What sort of work did the clinical centre undertake and what did you encounter there?

The pattern of disease in children's health at the centre was determined by the protocols conducted by investigators from 16 institutes and centres. Approximately 1500 protocols take place at NIH every year, of which 36% involve paediatric patients. 50% of the protocols are natural history studies, where they follow up patients to better understand the disease process, and the other 50% are treatment trials.

Amongst many others, I saw two patients with Chronic Atypical Neutrophilic Dermatosis with Lipodystrophy and Elevated temperature syndrome (CANDLE), an extremely rare auto inflammatory disease that had only recently been classified. These patients were being followed up to better understand the natural history of the disease.

I also came into contact with two patients with acquired aplastic anemia who had both been enrolled in a protocol studying the efficacy of a new therapeutic drug, Eltrombopag, in addition to current immunosuppressive treatment.

What did you learn on placement?

I had the opportunity to assist with chronic and acute-on-chronic conditions affecting paediatric patients in the in-patient and out-patient setting. This included participating in ward rounds with allied institute physicians and addressing relevant paediatric questions for patients on active protocols, providing a paediatric assessment and providing a formal consult upon request.

These experiences have helped me become more confident and comfortable with seeing acutely and chronically unwell children, as well as helping me to develop a systematic approach to paediatric patients.

I enjoyed understanding the pathophysiology of diseases I observed on my rotation and correlating it with clinical manifestations. During my clinical years of medical school, I was accustomed to memorising signs and symptoms of various diseases along with their appropriate investigations and management, without fully understanding the pathogenesis to presentation of the disease. I felt that this was almost disconnected from the very essence of what attracted me to medicine in the first place.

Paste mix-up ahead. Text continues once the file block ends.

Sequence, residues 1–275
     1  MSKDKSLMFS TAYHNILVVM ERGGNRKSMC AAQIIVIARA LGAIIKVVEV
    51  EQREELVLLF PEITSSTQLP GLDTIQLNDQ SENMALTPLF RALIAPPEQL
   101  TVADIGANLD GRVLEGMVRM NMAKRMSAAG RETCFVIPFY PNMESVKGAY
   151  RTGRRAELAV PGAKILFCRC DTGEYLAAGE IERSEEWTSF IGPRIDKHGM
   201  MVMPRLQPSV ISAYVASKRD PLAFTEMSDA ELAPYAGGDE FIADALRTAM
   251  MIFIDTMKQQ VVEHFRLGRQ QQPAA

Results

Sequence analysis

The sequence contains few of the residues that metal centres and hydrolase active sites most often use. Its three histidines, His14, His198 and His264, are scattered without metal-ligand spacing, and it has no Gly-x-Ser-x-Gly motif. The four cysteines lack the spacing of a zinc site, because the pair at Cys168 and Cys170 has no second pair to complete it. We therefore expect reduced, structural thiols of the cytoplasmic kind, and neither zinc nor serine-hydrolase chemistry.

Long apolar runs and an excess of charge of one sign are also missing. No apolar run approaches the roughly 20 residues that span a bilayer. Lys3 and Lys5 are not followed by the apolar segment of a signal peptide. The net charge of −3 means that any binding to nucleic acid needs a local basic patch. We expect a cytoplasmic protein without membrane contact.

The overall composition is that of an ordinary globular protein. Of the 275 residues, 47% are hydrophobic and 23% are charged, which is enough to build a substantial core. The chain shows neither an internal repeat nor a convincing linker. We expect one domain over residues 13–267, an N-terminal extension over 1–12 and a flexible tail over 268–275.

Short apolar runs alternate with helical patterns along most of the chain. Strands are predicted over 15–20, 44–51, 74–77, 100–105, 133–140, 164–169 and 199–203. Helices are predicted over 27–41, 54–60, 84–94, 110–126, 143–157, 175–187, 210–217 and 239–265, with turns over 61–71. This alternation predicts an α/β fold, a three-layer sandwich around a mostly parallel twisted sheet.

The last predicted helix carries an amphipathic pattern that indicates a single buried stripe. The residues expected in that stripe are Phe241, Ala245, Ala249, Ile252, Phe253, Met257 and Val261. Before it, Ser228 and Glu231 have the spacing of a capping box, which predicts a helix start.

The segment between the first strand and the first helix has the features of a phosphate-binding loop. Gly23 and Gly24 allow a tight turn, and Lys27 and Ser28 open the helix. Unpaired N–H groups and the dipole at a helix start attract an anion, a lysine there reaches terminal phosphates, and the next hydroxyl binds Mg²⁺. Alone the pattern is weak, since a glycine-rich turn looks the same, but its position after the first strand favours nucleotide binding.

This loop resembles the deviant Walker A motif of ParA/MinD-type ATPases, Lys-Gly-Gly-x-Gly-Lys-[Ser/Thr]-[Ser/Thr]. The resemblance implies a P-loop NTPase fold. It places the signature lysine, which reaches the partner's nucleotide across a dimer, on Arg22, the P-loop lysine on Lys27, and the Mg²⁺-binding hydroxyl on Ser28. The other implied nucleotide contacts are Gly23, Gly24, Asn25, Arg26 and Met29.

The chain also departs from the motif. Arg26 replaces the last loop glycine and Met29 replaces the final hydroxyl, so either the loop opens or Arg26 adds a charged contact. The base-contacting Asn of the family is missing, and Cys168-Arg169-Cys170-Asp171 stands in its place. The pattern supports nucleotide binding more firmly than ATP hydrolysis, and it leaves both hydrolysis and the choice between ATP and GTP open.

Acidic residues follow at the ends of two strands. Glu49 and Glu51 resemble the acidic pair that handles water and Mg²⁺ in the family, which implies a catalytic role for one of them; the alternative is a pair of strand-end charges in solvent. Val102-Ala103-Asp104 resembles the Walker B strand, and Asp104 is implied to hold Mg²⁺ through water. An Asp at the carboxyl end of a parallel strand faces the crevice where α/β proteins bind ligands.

During my elective, I was encouraged and challenged to understand the mechanism of disease with which patients would present. This led me to better appreciate the importance of genetics, biochemistry and immunology to help understand the diseases of patients I came across.

Before my elective I was interested in pursuing a career in paediatrics; my rotation with NIH has reaffirmed my interest.

I'm grateful for the opportunities I had at NIH, which included grasping the structure of the NIH and the role of the Pediatric Consult Service, and learning from patients on active protocols, many of whom had extremely rare diseases. Before my elective I was interested in pursuing a career in paediatrics; my rotation with NIH has reaffirmed my interest and I will try to remember lessons learnt into my future professional and personal life.

What were your accommodation arrangements?

I lived in the basement of a family's house in Kensington, Maryland, not too far from the hospital. I used Airbnb, which was a great way to have the freedom of living at home. It was also good to get a feel of what the local residents get up to and get some valuable local knowledge from them. It got a bit isolated at times, but I quickly made new friends and kept myself busy!

What would you advise to other students thinking of undertaking the same elective?

I would recommend it to any students wishing to experience cutting-edge research, who want to be challenged out of their comfort zone and expand their clinical and scientific knowledge.

Book accommodation early, talk to other students who have been to NIH, and it will be an experience that you will most probably remember your whole life. The Clinical Centre is situated close to Washington DC, so there are many activities at your doorstep, not to mention beautiful parks and so on.

For more on the NIH Clinical Center, visit their website.

For tips and ideas on planning your elective, visit The Electives Network or take a look at our website.


This article was correct at publication on 13/06/2017. It is intended as general guidance for members only. If you are a member and need specific advice relating to your own circumstances, please contact one of our advisers.

Dev Priya Singhvi

Currently Foundation Year 1
St Mary's Hospital, London

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